Point Ground Lace by Heather Billington.
Buckingham Point lace, (Bucks point) belongs to the family of point ground laces. Other laces in this family include Bayeux, Chantilly, Blonde de Caen, Downton, Lille, Tonder, Beveran and many other lesser known laces.
All point ground laces are a light continuous lace with a ‘net” or ‘tulle’ transparent ground. The ground is known as ‘point ground’ and is worked – cross, twist, twist, twist, pin. There is no stitch to enclose the pin.
The motives are usually worked in cloth stitch and are also light and ‘gauze like’, they are outlined with a very heavy thread known as a ‘gimp’. This gives the motifs greater definition and texture.Many fillings are uses within the motifs to give a lighter area of texture, the main filling stitch used is ‘honeycomb’. The headside often undulates or is ‘Vandyked’ and is edged with picots.
Records indicated that lace making was well established in England by the late 17th century. Point ground laces seem to have started in England about this time, the refugees from Europe came to England and brought their lace equipment and patterns with them.The early Point ground lace made in England was a combination of several European laces. The ground came from Lille lace and the patterns were derived from Michlin.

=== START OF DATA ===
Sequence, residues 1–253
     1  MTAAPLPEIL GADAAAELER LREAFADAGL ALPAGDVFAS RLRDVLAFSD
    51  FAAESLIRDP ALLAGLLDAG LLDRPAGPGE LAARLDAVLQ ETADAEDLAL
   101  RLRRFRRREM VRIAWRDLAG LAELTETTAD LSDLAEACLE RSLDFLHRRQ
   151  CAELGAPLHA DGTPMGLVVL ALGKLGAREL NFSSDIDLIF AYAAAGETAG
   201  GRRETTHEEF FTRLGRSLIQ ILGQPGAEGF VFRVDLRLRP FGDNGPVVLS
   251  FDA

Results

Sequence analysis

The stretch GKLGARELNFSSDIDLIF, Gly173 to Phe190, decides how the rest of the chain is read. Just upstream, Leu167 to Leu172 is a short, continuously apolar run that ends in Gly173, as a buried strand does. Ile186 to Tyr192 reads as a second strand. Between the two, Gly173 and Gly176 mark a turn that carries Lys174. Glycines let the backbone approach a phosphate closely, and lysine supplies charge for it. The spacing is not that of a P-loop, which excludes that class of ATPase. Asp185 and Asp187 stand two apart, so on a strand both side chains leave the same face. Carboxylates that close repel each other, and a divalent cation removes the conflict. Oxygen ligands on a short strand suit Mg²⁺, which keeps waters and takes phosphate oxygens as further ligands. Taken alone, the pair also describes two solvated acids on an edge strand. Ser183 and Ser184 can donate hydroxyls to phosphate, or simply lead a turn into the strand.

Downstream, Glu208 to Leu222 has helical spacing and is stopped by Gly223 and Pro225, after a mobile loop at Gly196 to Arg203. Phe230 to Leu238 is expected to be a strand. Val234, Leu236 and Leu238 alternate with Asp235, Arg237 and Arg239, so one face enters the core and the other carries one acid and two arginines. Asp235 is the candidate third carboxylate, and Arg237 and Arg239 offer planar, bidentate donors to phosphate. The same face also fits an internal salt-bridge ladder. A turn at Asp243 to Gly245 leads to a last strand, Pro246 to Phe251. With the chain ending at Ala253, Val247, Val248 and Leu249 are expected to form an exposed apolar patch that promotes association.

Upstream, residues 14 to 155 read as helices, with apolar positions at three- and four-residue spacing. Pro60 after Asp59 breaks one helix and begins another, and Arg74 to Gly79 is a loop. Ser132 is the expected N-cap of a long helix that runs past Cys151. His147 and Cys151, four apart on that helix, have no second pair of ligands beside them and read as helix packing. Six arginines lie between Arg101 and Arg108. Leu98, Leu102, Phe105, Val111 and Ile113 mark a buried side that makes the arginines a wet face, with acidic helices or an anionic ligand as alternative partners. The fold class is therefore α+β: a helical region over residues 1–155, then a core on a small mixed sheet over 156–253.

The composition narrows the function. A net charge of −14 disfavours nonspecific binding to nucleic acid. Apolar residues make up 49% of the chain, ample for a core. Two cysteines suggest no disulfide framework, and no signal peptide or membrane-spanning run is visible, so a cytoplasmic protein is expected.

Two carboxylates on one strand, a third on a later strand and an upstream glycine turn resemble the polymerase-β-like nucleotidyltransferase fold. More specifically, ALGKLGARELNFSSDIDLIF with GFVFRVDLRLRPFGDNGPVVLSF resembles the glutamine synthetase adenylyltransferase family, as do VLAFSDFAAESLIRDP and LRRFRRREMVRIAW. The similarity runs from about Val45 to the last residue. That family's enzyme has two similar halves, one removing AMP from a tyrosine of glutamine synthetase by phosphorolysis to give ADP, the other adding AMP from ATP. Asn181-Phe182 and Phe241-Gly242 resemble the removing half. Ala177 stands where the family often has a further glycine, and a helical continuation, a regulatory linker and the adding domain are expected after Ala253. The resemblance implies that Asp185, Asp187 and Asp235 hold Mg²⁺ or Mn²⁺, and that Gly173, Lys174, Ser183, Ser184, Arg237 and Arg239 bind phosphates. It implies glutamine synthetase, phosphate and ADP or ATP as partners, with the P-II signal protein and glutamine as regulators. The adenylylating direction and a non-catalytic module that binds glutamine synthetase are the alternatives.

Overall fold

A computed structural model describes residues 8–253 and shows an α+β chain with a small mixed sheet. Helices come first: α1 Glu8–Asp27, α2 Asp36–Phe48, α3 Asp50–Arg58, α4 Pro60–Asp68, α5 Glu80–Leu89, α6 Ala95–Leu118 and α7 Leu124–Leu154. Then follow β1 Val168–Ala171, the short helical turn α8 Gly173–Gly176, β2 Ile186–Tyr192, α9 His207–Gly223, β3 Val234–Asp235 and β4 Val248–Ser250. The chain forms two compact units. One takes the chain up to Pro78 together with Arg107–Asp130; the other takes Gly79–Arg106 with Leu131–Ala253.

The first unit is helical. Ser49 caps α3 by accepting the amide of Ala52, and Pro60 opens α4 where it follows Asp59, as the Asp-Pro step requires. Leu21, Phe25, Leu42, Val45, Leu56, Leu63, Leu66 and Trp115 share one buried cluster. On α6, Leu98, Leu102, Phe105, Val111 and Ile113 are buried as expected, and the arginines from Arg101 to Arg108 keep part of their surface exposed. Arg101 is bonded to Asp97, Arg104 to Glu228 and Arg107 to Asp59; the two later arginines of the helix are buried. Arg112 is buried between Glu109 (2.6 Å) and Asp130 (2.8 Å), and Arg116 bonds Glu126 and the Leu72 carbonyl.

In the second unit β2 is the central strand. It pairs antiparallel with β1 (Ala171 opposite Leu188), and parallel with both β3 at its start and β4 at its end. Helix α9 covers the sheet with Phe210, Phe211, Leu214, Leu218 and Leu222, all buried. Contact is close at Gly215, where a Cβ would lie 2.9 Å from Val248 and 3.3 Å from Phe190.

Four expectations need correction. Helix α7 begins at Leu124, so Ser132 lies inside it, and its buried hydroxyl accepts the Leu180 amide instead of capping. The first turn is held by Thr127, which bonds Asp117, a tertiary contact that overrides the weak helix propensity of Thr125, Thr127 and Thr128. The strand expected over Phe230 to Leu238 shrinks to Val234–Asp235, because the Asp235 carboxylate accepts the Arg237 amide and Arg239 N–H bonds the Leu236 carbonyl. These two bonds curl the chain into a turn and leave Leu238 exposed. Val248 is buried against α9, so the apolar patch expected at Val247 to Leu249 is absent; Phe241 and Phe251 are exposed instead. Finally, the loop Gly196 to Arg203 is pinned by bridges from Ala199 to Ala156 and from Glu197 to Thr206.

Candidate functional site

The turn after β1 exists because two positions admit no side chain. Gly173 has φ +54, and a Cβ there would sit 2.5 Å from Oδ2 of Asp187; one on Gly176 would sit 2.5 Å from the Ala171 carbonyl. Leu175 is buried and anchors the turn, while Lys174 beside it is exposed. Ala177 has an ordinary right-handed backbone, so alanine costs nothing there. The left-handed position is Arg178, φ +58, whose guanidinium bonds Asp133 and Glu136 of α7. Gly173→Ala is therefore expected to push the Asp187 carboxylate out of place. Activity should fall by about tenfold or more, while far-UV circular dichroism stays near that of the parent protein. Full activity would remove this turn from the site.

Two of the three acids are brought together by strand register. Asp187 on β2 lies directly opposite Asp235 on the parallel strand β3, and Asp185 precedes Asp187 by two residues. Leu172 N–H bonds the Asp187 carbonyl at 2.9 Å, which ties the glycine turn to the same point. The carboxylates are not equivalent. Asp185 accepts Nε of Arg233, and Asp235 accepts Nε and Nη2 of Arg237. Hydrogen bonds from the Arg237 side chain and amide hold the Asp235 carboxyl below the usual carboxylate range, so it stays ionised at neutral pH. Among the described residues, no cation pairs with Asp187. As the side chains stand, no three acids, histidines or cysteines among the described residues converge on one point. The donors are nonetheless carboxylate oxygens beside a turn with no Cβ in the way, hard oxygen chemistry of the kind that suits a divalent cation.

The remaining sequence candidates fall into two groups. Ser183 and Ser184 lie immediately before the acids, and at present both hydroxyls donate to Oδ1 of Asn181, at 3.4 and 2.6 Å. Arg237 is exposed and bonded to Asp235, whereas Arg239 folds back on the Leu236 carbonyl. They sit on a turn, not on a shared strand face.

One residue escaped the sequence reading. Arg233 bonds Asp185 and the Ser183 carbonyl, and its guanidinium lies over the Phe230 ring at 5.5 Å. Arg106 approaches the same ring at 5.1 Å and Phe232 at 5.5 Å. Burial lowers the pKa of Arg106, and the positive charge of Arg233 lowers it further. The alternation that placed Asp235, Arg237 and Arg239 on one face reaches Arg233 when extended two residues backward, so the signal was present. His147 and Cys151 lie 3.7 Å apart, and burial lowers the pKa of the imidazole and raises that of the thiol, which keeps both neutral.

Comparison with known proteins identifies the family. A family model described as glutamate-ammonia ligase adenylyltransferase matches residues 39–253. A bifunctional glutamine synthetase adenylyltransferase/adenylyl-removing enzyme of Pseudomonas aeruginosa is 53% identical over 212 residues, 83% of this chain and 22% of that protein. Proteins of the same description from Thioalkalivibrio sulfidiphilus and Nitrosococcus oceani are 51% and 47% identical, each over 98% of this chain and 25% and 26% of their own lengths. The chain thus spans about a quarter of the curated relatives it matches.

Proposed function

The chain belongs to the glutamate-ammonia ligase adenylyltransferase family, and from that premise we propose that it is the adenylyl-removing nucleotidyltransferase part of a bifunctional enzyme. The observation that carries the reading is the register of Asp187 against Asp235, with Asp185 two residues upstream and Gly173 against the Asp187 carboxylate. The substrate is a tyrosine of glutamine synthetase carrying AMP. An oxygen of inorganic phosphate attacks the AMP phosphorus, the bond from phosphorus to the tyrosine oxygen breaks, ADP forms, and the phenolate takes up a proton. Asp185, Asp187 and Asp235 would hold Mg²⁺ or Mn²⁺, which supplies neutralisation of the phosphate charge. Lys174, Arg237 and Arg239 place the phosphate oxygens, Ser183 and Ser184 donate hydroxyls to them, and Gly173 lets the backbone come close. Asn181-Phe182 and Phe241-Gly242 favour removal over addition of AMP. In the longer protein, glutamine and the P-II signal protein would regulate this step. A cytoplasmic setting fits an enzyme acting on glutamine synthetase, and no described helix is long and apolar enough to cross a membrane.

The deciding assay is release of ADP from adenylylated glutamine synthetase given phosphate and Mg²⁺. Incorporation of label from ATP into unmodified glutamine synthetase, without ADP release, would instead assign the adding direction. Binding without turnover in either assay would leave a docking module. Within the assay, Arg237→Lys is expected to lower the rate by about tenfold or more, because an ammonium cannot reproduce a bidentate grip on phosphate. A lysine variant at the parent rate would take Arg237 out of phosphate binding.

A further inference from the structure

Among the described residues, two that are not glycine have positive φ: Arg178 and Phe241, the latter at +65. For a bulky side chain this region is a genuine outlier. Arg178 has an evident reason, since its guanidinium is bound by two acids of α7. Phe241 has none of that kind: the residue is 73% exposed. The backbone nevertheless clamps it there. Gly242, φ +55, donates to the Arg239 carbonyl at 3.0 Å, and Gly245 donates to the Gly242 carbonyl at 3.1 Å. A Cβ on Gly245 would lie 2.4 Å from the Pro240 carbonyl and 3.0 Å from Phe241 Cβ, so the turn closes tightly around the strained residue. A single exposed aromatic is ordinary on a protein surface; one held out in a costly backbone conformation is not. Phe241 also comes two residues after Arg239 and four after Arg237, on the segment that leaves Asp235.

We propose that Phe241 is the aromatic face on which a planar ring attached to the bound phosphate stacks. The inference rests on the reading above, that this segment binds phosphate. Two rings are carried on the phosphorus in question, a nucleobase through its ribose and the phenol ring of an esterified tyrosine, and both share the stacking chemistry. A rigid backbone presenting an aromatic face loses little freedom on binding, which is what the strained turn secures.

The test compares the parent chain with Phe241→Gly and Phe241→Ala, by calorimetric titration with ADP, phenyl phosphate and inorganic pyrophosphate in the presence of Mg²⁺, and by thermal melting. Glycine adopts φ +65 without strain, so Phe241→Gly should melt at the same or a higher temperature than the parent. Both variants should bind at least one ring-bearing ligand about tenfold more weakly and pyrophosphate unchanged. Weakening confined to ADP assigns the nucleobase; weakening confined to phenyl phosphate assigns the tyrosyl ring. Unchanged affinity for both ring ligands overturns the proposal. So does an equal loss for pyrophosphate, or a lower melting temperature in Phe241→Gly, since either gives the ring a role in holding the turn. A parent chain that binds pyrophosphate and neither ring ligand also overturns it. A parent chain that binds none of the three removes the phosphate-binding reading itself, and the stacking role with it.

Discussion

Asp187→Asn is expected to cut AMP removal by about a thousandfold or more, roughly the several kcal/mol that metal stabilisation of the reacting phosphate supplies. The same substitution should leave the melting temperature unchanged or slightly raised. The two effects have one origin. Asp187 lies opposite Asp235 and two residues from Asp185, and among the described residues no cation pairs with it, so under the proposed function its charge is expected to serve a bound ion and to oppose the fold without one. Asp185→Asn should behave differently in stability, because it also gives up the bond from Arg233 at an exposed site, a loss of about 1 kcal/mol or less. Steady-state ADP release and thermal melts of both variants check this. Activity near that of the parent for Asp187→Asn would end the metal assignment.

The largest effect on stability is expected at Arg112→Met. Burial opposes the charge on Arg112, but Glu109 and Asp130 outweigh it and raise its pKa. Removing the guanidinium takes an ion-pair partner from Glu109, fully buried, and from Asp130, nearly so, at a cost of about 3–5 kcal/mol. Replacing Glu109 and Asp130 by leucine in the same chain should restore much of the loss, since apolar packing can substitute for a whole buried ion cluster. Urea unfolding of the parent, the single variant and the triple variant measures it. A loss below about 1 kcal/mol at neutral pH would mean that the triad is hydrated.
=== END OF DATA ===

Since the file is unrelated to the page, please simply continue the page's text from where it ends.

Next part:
Traditionally most of the workers were the wives and daughters of agricultural workers living in the East Midlands villages. This area included the counties of Bedfordshire, Northamptonshire, Yorkshire and of course Buckinghamshire. The lace was made and sold to supplement the men’s meagre earnings. At this time those who made lace as a livelihood knew and worked only one or two patterns, they were limited by the need to produce a large quantity of lace quickly and accurately.
As the cottage industry developed and more people were making lace, new designs were developed. Many of the dealers were designers, their patterns were given to the lace makers on the proviso that the dealer would be able to purchase all the lace made from these patterns
A wide range of lace goods was offered for sale including berthas, flounces, cuffs, fans, scarves as well as edgings and insertions. As Bucks point lace was a very delicate and soft open lace it was easily draped and gathered, this made it very suitable to wear on the muslin empire line dresses that were very fashionable at this time.
Towards the end of the 1800’s the lace industry around Buckinghamshire had almost disappeared due to foreign competition and the change in fashion.
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